Guidelines for Converting Steamflood to Waterflood
- K.C. Hong (Chevron Oil Field Research Co.)
- Document ID
- Society of Petroleum Engineers
- SPE Reservoir Engineering
- Publication Date
- February 1987
- Document Type
- Journal Paper
- 67 - 76
- 1987. Society of Petroleum Engineers
- 4.2 Pipelines, Flowlines and Risers, 6.5.2 Water use, produced water discharge and disposal, 2.4.3 Sand/Solids Control, 4.1.9 Tanks and storage systems, 5.5.8 History Matching, 5.2.1 Phase Behavior and PVT Measurements, 5.4.6 Thermal Methods, 4.1.5 Processing Equipment, 5.2 Reservoir Fluid Dynamics, 5.4.1 Waterflooding, 5.1.1 Exploration, Development, Structural Geology, 4.1.2 Separation and Treating, 4.3.4 Scale
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This paper presents a set of guidelines that field engineers can use for the optimum conversion of maturing steamflood projects to waterfloods. The guidelines were developed from a simulation study of Chevron's oldest steamflood-followed-by-waterflood project, the Kern River 10-Pattern project in California. They have been validated against different reservoirs and operating conditions. The simulation study showed that by judicious conversion of a steamflood to a waterflood as the steamflood matures, the cumulative net salable oil (cumulative oil produced minus oil used as steam generator fuel) can be maximized. The optimum time of conversion has been characterized in terms of eight performance variables that can be monitored in the field. A field engineer can use these characteristics or guidelines to estimate the optimum time of conversion and use this result to maximize the net salable oil production from his project. project. The procedures used for developing the guidelines from the Kern River 10-Pattern project performance and for validating them against different reservoirs and operating conditions are presented. The recommended procedure for applying these guidelines to other fields is also discussed. procedure for applying these guidelines to other fields is also discussed. Introduction
Steam injection is the principal EOR method in use today, accounting for 78% of all oil produced in the world by EOR methods. Steam methods (cyclic steam and continuous steamdrive) have been used widely since the early 1960's to recover heavy oils in California the Kern River 10-Pattern project was one of the earliest applications of the continuous steamdrive process. The project started in 1968 and was converted to a waterflood in project started in 1968 and was converted to a waterflood in 1975. The poststeam waterflood is still continuing with an oil production rate averaging a highly economical 120 B/D [19.1 M /d] per pattern. As a steamflood matures, oil production rate decreases and the steam/oil ratio (SOR) eventually becomes uneconomical. It then becomes necessary to decide whether to continue steam injection. The high SOR generally signals that (1 ) a large amount of heat is retained in the rock and fluids in the reservoir near and away from the injection well and (2) some heat is being, cycled through the reservoir without affecting oil recovery. If steam injection is continued until the project is terminated. the heat contained in the rock and fluids would be left behind and wasted. Hence, a method must be found to use this heat for optimum operation of a steamflood project. Gas flood or waterflood could be used to scavenge this heat: however, waterflood is a better choice because water is less expensive and has a higher heat capacity than a gas. Converting from steamflood to waterflood serves the following purposes.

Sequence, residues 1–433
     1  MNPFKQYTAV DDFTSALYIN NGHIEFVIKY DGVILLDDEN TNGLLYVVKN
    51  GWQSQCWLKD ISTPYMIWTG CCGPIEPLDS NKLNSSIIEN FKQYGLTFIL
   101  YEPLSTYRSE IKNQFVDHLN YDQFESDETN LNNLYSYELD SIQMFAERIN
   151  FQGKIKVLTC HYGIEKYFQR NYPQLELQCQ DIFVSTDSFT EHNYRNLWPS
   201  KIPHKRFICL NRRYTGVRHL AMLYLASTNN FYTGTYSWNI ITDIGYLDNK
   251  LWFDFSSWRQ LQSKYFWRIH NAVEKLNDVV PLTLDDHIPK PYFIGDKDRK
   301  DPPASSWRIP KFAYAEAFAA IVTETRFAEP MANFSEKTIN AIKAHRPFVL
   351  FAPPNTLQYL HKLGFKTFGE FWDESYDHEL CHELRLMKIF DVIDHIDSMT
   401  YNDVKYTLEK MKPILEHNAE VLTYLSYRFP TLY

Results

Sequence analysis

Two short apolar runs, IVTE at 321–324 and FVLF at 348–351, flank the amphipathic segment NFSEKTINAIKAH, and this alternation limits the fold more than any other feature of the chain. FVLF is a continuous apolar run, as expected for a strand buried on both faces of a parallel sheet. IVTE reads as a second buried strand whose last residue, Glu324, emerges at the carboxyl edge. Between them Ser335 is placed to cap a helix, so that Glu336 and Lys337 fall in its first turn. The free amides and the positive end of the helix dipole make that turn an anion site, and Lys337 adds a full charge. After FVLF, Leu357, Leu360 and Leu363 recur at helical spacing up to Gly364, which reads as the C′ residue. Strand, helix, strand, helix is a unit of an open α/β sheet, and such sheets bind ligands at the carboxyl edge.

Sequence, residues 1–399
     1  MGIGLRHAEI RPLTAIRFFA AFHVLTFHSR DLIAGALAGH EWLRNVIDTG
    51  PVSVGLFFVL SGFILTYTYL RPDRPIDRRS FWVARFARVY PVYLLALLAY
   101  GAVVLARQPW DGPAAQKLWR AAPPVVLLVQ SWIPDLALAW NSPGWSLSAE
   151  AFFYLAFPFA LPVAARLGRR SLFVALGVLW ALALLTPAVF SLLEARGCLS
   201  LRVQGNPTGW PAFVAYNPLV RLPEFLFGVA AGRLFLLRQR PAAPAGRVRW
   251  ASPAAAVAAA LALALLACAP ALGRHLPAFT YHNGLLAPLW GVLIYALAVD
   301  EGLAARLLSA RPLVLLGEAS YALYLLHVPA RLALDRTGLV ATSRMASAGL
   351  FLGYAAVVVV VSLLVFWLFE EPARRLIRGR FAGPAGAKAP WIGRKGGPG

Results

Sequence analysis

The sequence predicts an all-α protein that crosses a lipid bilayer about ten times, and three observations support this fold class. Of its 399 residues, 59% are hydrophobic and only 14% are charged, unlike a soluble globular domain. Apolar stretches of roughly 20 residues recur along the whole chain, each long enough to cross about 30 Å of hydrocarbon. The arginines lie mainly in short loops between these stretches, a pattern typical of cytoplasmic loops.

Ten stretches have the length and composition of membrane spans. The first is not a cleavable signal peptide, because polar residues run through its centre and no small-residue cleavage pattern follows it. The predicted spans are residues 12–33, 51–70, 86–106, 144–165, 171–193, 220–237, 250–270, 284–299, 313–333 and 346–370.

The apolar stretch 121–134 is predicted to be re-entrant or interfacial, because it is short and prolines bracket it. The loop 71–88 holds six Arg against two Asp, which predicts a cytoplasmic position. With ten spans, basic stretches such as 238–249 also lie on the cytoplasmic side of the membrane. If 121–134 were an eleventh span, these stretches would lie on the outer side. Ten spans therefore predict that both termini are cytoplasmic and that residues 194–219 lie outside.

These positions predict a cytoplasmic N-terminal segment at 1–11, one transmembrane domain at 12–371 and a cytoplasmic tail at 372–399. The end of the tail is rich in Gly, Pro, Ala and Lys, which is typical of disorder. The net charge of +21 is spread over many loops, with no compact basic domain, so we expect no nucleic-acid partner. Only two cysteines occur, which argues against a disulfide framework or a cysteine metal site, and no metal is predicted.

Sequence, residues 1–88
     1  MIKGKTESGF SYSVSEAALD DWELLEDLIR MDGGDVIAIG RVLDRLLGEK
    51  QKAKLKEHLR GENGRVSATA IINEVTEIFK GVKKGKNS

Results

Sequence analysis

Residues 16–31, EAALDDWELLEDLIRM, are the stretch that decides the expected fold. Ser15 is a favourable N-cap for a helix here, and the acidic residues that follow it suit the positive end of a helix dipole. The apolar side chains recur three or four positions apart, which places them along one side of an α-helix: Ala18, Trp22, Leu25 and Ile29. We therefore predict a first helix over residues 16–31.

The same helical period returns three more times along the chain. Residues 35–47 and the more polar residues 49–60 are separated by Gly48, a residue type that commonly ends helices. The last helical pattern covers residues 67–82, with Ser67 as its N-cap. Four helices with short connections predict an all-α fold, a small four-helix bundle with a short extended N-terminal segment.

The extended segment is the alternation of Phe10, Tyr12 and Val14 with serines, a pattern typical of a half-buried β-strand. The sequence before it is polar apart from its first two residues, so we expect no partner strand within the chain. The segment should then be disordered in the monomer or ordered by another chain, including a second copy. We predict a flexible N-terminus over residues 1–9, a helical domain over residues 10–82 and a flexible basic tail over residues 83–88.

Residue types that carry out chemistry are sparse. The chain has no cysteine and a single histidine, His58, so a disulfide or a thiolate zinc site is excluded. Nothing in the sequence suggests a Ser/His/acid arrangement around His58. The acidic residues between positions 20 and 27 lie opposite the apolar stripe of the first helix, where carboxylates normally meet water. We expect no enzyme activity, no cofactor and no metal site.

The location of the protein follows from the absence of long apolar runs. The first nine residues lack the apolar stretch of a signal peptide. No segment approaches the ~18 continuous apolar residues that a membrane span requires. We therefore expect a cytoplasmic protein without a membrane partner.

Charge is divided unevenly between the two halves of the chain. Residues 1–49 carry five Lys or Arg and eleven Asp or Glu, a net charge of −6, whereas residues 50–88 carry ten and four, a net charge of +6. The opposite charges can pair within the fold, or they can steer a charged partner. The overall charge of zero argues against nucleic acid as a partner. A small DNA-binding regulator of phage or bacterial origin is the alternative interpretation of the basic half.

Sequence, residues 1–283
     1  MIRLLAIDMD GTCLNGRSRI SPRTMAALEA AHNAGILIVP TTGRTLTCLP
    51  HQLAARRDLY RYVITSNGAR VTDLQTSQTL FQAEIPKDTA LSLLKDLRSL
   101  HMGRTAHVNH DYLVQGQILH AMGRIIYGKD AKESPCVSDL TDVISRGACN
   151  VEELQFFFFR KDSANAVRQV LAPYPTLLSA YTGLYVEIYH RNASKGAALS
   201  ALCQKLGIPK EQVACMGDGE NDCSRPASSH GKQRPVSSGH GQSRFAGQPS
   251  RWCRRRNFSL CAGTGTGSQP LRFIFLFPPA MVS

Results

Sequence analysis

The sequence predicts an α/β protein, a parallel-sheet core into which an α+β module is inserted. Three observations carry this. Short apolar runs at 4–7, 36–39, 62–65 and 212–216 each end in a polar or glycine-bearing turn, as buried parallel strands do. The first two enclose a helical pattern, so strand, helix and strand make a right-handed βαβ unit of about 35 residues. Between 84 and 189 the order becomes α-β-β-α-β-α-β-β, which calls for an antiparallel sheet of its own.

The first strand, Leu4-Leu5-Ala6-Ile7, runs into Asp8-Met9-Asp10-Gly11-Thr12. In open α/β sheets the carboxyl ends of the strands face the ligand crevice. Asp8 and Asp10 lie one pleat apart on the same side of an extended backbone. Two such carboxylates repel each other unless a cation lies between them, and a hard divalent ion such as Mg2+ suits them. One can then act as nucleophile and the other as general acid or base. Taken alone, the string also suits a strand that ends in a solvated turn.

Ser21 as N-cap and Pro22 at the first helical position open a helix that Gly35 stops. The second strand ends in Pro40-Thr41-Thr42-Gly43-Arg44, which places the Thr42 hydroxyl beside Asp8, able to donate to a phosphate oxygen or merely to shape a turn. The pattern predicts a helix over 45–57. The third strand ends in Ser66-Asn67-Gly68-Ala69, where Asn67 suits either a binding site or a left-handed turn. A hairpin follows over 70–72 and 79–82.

1. It reduces fuel consumption and frees steam generators for use in project expansion.
2. It resaturates the steam zone with liquid water to reduce subsidence and possible reverse migration of oil to the steamflooded areas after cooling.
3. It recovers oil near the bottom of the reservoir that has not been heated because steam traveled preferentially across the top of the reservoir. Injected water becomes preferentially across the top of the reservoir. Injected water becomes heated as it passes through the heated zone and moves downward because of gravity, thereby delivering heat to the unaffected zone. During the latter part of a steamflood, the produced water becomes hot. This water is a valuable source of heat; properly treated, it can be reinjected into the reservoir and possibly used to generate steam, thus reducing fuel consumption further. Determining the best time to convert a steamflood to a waterflood has been a problem for many operators. If a steamflood is converted to a waterflood too early in a flood life, the reservoir is not sufficiently heated to produce the maximum recoverable oil under produce the maximum recoverable oil under steamflooding conditions. If the conversion is made too late, a large amount of heat will be left behind and wasted. There must be a time of conversion that produces an economical optimum for a specific situation under consideration. The objective of this study is to find this optimum time of conversion for a specific project and to extend the application of this information to other steamflood projects. This paper discusses the approach used for finding the optimum time of conversion and the method for characterizing this optimum in terms of field performance and operating parameters. The guidelines for determining the optimum time of conversion for other projects are presented and discussed. presented and discussed.
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